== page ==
PORTLAND — Alfred Schwabenhausen, a longtime postal carrier in Cumberland Foreside who had a passion for the outdoors and lived life to the fullest, died Friday. He was 64.

Most people called him “Swabby.” He was a loving husband to his wife, Mary Lou Schwabenhausen, and a devoted father to their three daughters.

Last week, his family held a vigil by his bedside at Maine Medical Center in Portland, where he was fighting for his life after emergency surgery.

His daughter Lori Schwabenhausen of Richmond, Va., said his room was small — about 8 feet by 10 feet — and had only a love seat, two wooden chairs and two upholstered chairs.

She said the family camped out in his room for a week telling stories about him and laughing — the same way he told stories throughout their lives.

“Once we started telling the stories, we realized how comforting it was and we kept going,” his daughter said. “My nieces had a chance to hear stories they never heard before. My dad was a natural storyteller. In his absence, we became the storytellers. It’s what we learned from him.”

His daughter reminisced Monday about the summers he took them camping. She said her father taught them how to catch a fish, gut it and clean it. She said he also taught them how to put up a tent and start a fire

“He had a rule if you caught it, you clean it,” his daughter recalled. “We would cook it over an open fire. We were girls, but he didn’t treat us like girls. He treated us like children who like to explore and have fun and go on adventures. We have great memories of exploring as kids.”

Mr. Schwabenhausen had a passion for the outdoors. He enjoyed camping, hunting, boating and fishing. He often rented cabins on Rangeley Lake, Moosehead Lake and Sebago Lake. He also taught his daughters how to shoot a gun and hunt.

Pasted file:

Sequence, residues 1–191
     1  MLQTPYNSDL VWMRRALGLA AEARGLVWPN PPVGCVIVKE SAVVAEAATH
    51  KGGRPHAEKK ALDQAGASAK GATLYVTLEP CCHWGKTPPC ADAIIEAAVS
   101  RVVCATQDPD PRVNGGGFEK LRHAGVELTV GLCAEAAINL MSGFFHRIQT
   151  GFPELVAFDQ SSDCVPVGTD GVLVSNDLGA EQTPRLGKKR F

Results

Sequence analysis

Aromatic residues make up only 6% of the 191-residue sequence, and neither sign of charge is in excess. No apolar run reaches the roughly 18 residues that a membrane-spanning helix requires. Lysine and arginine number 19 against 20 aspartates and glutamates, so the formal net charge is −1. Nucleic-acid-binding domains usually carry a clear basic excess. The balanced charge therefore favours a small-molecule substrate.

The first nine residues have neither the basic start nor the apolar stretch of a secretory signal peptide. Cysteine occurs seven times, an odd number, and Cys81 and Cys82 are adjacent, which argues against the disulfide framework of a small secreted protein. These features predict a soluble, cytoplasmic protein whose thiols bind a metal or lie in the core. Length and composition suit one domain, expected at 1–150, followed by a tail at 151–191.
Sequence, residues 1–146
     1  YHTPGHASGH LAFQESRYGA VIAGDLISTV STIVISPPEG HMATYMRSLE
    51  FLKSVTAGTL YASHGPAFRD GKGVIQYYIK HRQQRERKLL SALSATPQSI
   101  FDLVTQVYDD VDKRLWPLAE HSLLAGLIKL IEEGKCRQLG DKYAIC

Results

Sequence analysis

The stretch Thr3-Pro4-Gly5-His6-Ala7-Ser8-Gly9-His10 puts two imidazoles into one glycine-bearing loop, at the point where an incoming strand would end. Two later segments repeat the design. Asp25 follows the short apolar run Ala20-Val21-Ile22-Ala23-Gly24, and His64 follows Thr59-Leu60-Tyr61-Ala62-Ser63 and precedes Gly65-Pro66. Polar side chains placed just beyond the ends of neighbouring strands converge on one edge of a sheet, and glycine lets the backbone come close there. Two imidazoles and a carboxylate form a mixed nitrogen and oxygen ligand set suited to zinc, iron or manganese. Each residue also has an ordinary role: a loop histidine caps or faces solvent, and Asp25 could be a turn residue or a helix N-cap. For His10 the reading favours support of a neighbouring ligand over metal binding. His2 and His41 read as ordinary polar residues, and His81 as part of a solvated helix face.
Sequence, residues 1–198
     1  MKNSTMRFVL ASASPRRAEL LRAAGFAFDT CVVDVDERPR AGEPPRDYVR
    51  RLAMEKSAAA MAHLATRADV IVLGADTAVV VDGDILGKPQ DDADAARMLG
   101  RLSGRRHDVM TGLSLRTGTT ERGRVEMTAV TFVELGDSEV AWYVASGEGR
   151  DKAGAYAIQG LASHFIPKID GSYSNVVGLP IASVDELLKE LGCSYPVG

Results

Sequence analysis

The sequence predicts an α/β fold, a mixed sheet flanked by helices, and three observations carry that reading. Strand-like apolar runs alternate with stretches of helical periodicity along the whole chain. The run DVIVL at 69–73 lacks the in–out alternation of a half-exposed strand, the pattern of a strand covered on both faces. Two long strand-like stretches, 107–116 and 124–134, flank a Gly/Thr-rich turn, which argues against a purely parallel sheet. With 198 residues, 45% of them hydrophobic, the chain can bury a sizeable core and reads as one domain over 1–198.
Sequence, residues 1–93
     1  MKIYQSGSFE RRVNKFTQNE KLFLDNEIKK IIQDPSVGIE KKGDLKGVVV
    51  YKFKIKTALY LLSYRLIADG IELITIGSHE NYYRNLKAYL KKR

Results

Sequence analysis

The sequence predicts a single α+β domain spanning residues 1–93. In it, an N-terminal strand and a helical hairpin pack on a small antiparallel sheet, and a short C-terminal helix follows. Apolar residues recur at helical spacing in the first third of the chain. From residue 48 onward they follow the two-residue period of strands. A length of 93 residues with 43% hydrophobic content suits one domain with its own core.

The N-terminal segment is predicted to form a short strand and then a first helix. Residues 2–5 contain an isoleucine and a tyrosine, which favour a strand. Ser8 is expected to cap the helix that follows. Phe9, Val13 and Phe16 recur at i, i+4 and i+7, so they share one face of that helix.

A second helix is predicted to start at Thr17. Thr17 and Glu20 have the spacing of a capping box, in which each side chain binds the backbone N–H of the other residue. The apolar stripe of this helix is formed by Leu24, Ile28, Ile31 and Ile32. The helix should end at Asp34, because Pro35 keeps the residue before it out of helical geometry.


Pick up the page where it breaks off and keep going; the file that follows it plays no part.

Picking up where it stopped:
“He would say, ‘It will be fun let’s go. It will be an adventure,’ ” she recalled.

Mr. Schwabenhausen had another rule about his daughters driving cars.

“We needed to know how they worked,” she said. “He would pop the hood and teach us about the engine and how to change the oil and diagnose some basic problems.”

A lifelong resident of Portland, he met his wife, Mary Lou, at a local diner. She talked last week about the first time she laid eyes on him, remarking to her daughters that “he was the most charming, handsome man she had ever met,” his daughter recalled.

He worked for the U.S. Postal Service for 37 years as a mail carrier in the Cumberland Foreside area. His daughter said he knew everyone on his route and was well-liked by residents. He retired in 2003. “It was his community and he was very protective of it,” she said.

Mr. Schwabenhausen was also protective about the morning time slot featuring the TV show “Live with Regis and Kelly.” His affection for the show was noted high in his obituary.

“His whole schedule was fixated around the show,” his daughter said. “It was a very serious part of his day. He loved Regis. He loved his humor. When Regis retired, that was it. He didn’t watch it anymore.”

His family and other interests took over the morning time slot.

He recently became sick. For most of last week, the picture with this story was taped to his hospital bed.

“It was his favorite picture,” his daughter said. “He was out on the water with my mom fishing. He had his granddaughter asleep in his arms with this content look on his face. I’m sure he taught Marie (Delcourt) how to fish. He had his whole world right there.”

Staff Writer Melanie Creamer can be contacted at 791-6361 or at: [email protected]